While many small businesses might not currently use technology as a way to find customers (or at least might not think they do), their customers are definitely using technology to find the right businesses! And if you’re not easily found online, then it may be your competitors they find instead. One common theme throughout the research was small businesses – particularly sole traders – stressing the importance of word-of-mouth referrals above all other forms of marketing. In reaching new customers, 76 per cent of small businesses listed word-of-mouth recommendation (asking friends/peers/colleagues) as ‘important’ or ‘very important’– higher than any other response. Yet, while customers also ranked word of mouth highly (71%), they ranked it third behind online search and online reviews. While word of mouth definitely plays a part, often this still happens online. Even then, a recommendation may only prompt the potential customer to further research a business or product – using a search engine to find the website or address, or comparing online reviews. In fact, there may be many more steps and a variety of technologies between the initial recommendation and the eager customer turning up on the doorstep. In short, technology is now interwoven throughout the typical customer experience in ways that are hard to separate (and probably shouldn’t be). More and more customers now find, recommend, research and contact new businesses online. In this first section, we will look at what customers really want from your online activity, and a few simple things you could do that might help you to meet these expectations. We will look at how to maximise the value of your website (and why you really do need one), why search engine marketing is important, and how to make the most of your social media activities. But let’s start at the beginning. What does it mean to “be online” as a small business?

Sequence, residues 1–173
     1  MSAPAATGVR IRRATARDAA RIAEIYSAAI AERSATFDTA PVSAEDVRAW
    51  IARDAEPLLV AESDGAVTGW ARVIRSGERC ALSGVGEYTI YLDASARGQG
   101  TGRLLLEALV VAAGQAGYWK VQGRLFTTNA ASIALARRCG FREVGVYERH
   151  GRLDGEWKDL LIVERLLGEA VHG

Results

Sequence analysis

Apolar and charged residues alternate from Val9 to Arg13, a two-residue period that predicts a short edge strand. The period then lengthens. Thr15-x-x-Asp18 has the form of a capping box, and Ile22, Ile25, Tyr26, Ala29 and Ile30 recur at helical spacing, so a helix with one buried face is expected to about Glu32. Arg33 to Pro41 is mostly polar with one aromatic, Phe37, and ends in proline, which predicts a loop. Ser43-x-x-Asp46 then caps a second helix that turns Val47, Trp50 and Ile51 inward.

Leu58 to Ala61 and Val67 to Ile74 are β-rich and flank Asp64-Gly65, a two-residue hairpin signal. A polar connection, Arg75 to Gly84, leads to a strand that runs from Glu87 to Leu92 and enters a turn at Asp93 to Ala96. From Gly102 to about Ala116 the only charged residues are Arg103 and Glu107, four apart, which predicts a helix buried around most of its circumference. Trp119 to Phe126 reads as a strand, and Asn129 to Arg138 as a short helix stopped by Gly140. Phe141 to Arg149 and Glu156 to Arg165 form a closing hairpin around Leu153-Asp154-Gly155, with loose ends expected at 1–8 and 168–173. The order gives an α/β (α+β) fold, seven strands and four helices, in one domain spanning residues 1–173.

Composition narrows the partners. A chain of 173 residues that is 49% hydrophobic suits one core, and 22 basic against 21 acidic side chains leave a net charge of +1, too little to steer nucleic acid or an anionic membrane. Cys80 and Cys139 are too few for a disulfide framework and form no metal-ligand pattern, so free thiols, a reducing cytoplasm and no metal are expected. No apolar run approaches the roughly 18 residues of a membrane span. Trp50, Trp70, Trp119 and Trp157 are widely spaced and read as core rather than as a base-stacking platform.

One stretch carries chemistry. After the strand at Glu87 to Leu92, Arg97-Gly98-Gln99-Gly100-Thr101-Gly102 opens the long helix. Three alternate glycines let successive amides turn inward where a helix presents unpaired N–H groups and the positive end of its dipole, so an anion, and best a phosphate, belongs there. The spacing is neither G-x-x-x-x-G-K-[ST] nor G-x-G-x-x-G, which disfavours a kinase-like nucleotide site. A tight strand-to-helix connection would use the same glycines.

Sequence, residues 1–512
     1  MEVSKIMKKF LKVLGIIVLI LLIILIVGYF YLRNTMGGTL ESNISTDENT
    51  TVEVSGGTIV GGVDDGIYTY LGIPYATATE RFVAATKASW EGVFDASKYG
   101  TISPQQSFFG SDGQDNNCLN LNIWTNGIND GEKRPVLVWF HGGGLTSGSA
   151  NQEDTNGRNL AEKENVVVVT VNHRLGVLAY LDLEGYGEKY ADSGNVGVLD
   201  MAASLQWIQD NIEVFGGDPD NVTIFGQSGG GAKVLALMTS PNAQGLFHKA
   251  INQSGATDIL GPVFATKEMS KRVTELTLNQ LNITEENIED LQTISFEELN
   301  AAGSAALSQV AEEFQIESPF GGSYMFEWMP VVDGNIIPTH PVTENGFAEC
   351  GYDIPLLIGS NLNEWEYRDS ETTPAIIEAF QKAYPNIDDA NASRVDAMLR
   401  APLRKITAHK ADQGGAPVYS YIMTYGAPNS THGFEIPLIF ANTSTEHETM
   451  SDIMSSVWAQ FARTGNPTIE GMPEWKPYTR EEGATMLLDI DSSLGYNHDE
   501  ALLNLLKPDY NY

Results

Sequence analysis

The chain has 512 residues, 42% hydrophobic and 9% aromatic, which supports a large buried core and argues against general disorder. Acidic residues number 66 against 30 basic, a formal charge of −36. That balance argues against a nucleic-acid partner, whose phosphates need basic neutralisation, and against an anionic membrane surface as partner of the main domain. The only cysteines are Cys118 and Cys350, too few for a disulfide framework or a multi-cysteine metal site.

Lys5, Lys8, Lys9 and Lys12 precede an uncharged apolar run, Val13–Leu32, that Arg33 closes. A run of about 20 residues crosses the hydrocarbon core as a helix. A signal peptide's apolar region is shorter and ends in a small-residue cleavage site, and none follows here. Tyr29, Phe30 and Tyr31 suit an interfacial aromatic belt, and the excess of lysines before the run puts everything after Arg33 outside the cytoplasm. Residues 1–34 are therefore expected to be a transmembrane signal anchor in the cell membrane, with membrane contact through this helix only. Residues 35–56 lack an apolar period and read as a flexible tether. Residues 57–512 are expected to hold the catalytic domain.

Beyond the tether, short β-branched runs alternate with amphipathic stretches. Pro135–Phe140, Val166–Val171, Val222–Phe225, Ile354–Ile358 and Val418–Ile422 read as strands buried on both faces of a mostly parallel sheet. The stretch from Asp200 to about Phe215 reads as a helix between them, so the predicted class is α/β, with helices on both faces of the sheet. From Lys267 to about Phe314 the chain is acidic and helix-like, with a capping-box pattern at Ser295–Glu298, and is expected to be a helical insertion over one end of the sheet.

Being an online business can mean different things: having a website, running an e-commerce store, using social media, sending email newsletters, selling on eBay – the list goes on. However, websites continue to be the easiest way for small businesses in particular to build legitimacy for the digital customer. While 50 per cent of small businesses say acquiring new customers is a challenge, many are missing opportunities to attract them online. Only half of all small businesses have a website, and that number drops to 36 per cent for sole traders. However, more small businesses have a social media presence, with 66 per cent having a Facebook page, and 80 per cent saying they update it at least once a week. On the other hand, with 65 per cent of customers visiting Facebook at least daily, is a weekly update enough? Overall, small businesses are struggling to match customer expectations of what it means to be ‘online’, missing opportunities to be found by new customers and to build legitimacy. With the number of connected users in Australia still growing 1 , it’s time to take some steps towards online success.

Objection – “…but I don’t NEED a website?”